Our goats are still pregnant and growing those kids! Ruby has gotten HUGE in size and ungainly with it. Her greatly enlarged udder is producing milk in anticipation of kidding, but when that will happen is any one's guess. Sean felt the kid(s) moving this morning, but there are no clear signs of impending kidding. Leah and Rachel are both smaller in girth than Ruby. We think they are several weeks behind her and won't kid until next month. But, who are we kidding? We do NOT have this down yet. I am just happy they are showing all the sign of radiant, impending motherhood; fat bellies, shiny coats, enlarging udders and good appetites. And, that I have my kidding supplies ready to hand, just in case.

An unexpected and pleasant addition to our homestead is Jane. We heard through a friend about a 3 year old, French Alpine doe in need of a permanent home. Sean called the owner to discuss the situation and then drove to check her out after work on Monday. She is lovely. Jane looks very much like our Oberhausli, except her coat is longer, her head is slightly different in shape and she has a wicked set of horns! Sean checked her eyelids for color, nose and tail end for discharge(s), her stance, hooves, and overall appearance among other things. Jane was a pet doe and thus is wonderfully friendly. She walks on a leash better than our dogs! She birthed a single kid last year and was milked a little. All in all, she was a great find. Sometimes "free" is code for a "very costly vet bill in the making". This did not seem to be the case with Jane and we decided to take her. She is in isolation for a little while until we make certain that she is not carrying anything nasty that could impact our herd, but I have every expectation of her being a great addition for us.

That is what is going on in our corner of the world this week. In addition to animal gains, we got started with planting some 6 packs of tomatoes. I worked on creating additional mosaic eggshell jewelry pieces and I tried my hand at sewing some grain bag totes. I prefer making our jewelry, soaps, and scents, to be honest, but the totes came out decently and will certainly be more useful in this form than taking up space in the "milk room". And, if I can sell them, all the better!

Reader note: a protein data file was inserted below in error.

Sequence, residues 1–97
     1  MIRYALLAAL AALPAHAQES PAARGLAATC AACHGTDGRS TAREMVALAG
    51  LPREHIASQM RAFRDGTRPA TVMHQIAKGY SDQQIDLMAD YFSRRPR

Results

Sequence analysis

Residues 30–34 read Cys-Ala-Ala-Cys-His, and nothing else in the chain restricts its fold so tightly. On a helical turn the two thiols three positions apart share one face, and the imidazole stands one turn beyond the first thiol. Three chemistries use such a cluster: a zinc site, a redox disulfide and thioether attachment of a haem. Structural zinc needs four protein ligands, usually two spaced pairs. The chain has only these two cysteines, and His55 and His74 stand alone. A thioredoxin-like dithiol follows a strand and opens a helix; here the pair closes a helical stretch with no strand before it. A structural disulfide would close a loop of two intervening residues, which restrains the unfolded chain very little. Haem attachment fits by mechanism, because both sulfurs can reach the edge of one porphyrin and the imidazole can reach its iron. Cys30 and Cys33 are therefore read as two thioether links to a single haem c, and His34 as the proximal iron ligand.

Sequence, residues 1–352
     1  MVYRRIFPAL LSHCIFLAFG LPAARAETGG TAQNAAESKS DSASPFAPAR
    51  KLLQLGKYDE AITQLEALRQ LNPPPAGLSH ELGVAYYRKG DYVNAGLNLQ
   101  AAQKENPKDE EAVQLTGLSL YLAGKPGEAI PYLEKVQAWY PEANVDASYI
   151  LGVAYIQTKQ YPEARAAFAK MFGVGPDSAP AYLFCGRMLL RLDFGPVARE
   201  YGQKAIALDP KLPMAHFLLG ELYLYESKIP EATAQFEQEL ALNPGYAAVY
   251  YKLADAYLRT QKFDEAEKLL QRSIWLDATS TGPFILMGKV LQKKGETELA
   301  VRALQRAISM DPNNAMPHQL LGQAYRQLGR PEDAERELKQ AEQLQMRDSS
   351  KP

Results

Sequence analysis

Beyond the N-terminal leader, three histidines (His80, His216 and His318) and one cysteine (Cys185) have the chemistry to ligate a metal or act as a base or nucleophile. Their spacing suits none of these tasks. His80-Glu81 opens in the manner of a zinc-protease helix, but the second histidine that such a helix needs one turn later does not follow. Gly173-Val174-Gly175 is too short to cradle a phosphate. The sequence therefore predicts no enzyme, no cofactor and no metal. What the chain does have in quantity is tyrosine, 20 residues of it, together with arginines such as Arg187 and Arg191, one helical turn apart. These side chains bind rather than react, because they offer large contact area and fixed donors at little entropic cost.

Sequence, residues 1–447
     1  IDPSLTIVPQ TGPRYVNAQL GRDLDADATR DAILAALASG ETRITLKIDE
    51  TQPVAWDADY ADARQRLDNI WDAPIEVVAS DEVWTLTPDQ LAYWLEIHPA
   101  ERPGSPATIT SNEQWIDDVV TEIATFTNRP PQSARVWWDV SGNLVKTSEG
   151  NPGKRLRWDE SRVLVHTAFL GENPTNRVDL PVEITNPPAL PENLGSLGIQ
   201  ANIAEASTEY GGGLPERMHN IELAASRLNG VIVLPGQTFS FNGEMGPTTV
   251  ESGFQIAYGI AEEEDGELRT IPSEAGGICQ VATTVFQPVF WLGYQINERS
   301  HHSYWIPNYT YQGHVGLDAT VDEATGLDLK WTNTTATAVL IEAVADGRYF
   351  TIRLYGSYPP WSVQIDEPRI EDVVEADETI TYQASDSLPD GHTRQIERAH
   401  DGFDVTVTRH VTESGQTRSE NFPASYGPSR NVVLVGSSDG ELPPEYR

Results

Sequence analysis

Thanks for visiting with us today, friends. We're glad for the company.
Sean and Sonja ♥


  1. What a beauty Jane is! Congrats on her and the new chicks!! :)

  2. Yay! Baby goats are the cutest, my doe just kidded last night. I can't wait to see the kids...

    Jane is very cute and I hope she doesn't have anything icky.

    And those chicks are totally cute!

  3. Such exciting times on the farm, enjoy those babies and your sweet Jane Doe.

  4. Congrats on the new additions! How exciting. Crazy that you guys have ended up with so many roosters! I really want to hatch out some of my own eggs, but I am so nervous about having to figure out what to do with the roosters.

  5. Great photos! Jane looks like a wonderful addition. Good luck with your new chickens - I got three Black Copper Marans last year. They lay beautiful eggs, but are the LOUDEST birds ever!